Device use rules on flights relaxed

By Patrice Dougan

The FAA will allow passengers on commercial flights to have their e-readers, tablets and mobile phones switched on during those key parts of the flight in addition to other times.
The FAA will allow passengers on commercial flights to have their e-readers, tablets and mobile phones switched on during those key parts of the flight in addition to other times.

New Zealand passengers flying to and from the US will soon be able to use their electronic devices during take-off and landing at the American end of their flights.

The Federal Aviation Administration (FAA) today announced it will allow passengers on commercial flights to have their e-readers, tablets and mobile phones switched on during those key parts of the flight in addition to other times. However, devices must be switched to airline mode.

It said it was now satisfied that most commercial aircraft can "tolerate radio interference signals" from personal electronic devices.

While the decision does not apply to New Zealand airspace, Air New Zealand said it was likely that a similar change of rules would be made here in the future.

"The New Zealand regulatory regime doesn't currently allow for this, however, it seems probable that a similar approach will be adopted in this jurisdiction in time, and Air New Zealand is in the process of considering the processes we would need to implement to accommodate this," a statement from the airline said.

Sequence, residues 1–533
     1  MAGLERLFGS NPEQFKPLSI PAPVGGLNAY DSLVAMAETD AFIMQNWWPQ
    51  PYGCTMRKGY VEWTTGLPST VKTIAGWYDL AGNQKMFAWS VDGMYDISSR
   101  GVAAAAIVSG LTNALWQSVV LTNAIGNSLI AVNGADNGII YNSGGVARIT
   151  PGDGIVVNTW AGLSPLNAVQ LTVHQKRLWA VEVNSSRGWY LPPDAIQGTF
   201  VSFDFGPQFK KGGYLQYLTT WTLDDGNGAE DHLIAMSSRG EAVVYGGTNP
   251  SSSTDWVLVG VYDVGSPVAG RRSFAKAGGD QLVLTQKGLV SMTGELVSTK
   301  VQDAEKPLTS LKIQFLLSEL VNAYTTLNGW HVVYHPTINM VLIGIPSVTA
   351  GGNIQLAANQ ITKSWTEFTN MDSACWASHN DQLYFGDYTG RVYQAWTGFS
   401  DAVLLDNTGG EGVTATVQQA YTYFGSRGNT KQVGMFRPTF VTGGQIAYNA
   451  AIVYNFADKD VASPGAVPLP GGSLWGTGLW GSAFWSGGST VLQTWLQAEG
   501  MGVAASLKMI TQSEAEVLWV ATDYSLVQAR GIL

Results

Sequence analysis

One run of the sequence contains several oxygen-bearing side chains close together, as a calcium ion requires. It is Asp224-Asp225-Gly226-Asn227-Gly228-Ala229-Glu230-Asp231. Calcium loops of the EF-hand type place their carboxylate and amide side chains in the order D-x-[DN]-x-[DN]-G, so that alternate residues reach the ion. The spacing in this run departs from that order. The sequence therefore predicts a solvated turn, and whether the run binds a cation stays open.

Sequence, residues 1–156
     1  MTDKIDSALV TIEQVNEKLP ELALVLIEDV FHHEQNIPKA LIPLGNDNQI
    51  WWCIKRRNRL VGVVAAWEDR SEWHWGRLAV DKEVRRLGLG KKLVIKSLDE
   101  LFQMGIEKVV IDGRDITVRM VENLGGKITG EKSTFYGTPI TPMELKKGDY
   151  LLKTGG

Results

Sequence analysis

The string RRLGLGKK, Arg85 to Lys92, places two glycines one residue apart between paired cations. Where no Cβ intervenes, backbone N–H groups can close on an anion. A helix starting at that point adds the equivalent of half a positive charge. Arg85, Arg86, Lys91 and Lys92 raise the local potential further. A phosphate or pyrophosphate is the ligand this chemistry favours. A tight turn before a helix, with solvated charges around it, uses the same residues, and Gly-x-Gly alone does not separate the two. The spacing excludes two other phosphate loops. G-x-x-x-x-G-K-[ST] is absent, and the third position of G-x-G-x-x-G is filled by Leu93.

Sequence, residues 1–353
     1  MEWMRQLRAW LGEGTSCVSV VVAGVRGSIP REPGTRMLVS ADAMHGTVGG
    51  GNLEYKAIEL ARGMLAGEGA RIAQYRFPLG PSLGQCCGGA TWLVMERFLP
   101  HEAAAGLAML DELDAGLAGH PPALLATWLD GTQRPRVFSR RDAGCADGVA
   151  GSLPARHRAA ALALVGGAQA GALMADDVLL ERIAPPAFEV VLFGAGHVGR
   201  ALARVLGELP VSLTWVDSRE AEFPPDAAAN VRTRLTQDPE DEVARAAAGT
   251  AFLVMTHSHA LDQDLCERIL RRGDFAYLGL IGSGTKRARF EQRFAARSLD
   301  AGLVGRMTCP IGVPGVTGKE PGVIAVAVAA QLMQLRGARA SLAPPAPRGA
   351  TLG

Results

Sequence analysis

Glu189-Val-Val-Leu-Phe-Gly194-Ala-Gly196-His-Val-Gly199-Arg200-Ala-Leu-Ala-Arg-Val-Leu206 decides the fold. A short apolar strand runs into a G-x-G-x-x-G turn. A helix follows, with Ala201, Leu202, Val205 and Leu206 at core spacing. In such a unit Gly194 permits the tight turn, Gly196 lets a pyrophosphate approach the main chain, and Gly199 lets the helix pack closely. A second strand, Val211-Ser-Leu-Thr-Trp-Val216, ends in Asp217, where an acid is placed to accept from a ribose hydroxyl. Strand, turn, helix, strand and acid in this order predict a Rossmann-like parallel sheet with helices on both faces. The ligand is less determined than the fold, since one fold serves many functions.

The FAA's relaxed regulations will include the use of wifi and short-range Bluetooth accessories. However, a ban on making mobile phone calls still applies.

The authority said it had based its decision on information provided by airlines, aviation manufacturers, passengers, pilots, flight attendants, and the mobile technology industry.

While implementation of the relaxed regulations may vary from airline to airline, the FAA said it expected most carriers to allow passengers to use their devices during take-off and landing by the end of the year.

It is likely to bring into effect a recommendation that all airlines assess their fleet to ensure they can withstand radio interference from personal electronic devices.

This will be submitted to the FAA to be verified, before they will be permitted to allow passengers to turn on their devices.

"We believe today's decision honours both our commitment to safety and consumer's increasing desire to use their electronic devices during all phases of their flights," said US Transportation Secretary Anthony Foxx.

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- APNZ

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